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Syllabus Israel and Europe - What you see from here you don't see from there - 54836
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Last update 26-02-2017
HU Credits: 2

Degree/Cycle: 2nd degree (Master)

Responsible Department: cont. german studies:politics, soc.&cult

Semester: 2nd Semester

Teaching Languages: English

Campus: Mt. Scopus

Course/Module Coordinator: Dr. Gisela Dachs

Coordinator Email:

Coordinator Office Hours: Monday, 12.15 – 13.15 or by prior arrangement

Teaching Staff:
Dr. Gisela Dachs

Course/Module description:
The course teaches views of the contemporary challenges European countries are faced with by examining debates about major issues such as democracy, migration, demography, media credibility, security, human rights etc.

Course/Module aims:
The course aims to transmit national as well as international perceptions within Europe and in Israel as well as their discussions within various frameworks.

Learning outcomes - On successful completion of this module, students should be able to:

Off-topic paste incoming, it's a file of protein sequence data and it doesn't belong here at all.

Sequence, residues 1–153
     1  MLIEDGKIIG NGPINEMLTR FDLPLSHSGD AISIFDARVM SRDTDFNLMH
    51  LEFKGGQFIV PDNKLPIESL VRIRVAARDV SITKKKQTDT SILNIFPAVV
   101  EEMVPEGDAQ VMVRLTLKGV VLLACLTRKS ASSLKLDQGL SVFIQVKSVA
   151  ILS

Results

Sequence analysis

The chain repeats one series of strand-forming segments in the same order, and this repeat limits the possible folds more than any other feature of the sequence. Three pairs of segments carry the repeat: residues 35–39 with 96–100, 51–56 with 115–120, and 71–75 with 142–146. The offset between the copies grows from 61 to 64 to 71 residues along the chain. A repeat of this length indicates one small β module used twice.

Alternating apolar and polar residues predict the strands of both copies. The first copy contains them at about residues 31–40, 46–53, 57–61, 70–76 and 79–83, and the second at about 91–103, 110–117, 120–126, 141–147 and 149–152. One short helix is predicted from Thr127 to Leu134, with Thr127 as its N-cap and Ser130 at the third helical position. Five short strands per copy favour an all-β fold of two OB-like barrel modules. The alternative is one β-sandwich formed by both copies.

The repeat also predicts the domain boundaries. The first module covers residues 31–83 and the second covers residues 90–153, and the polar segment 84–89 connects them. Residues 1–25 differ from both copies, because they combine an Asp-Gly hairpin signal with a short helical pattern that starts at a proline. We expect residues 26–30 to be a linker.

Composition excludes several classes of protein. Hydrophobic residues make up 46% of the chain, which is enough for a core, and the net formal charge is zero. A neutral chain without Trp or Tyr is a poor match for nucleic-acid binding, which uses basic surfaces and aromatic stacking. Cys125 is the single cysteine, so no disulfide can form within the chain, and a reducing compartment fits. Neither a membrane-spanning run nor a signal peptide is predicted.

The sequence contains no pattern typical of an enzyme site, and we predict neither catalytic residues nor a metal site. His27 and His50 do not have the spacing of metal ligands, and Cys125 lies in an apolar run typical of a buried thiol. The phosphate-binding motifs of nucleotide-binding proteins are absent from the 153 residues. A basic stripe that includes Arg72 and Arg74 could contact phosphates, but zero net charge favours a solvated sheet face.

• To orient themselves within major “European” discourses about current affairs.

• To assess the similarities and differences between views from Israel and from the Old Continent.

• To have knowledge about various European approaches, such as between East and West.

• To read, analyze and discuss media content from different national frameworks

• To have a reflective view on European societies through the critical discussion of their collective perceptions.

Attendance requirements(%):

Teaching arrangement and method of instruction: The teaching combines theoretical and practical approaches.

Course/Module Content:
1. Class - 27.2.2017
Introduction to the course

2. Class – 6.3.2017
Stereotypes and Stereotyping: European Self-perceptions and Image of the others

Billig, M. (1995), Banal Nationalism, Introduction P.1-12.

Inthorn, S. (2007) The Ethno-Cultural Nation in the Kitchen: Food and National Identity, in: German Media and National Identity, PP. 129-167.

3. Class - 20.3.2017
“From Europe, but not in Europe”
Views about Europe from Israel – Views about Israel in Europe

Dachs, G. and Peters, J. (2005) Israel and the EU, the Troubled Relationship: Between Perceptions and Reality. PP 317 – 333, in: Reader of the Israeli-European Policy Network.
Goldfarb, M. (2001) All Journalism is Local: Reporting on the Middle East: How the US and European media cover the same events differently, Harvard International Journal of Press/Politics.

4. Class - 27.3.2017
Germany and Israel - special relations, special views?

Witzthum, D. (2016) Germany’s image in Israel, in: A. Wittstock (ed.) Rapprochement, Change, Perception and Shaping the Future, 50 years of German-Israeli and Israeli-German diplomatic relations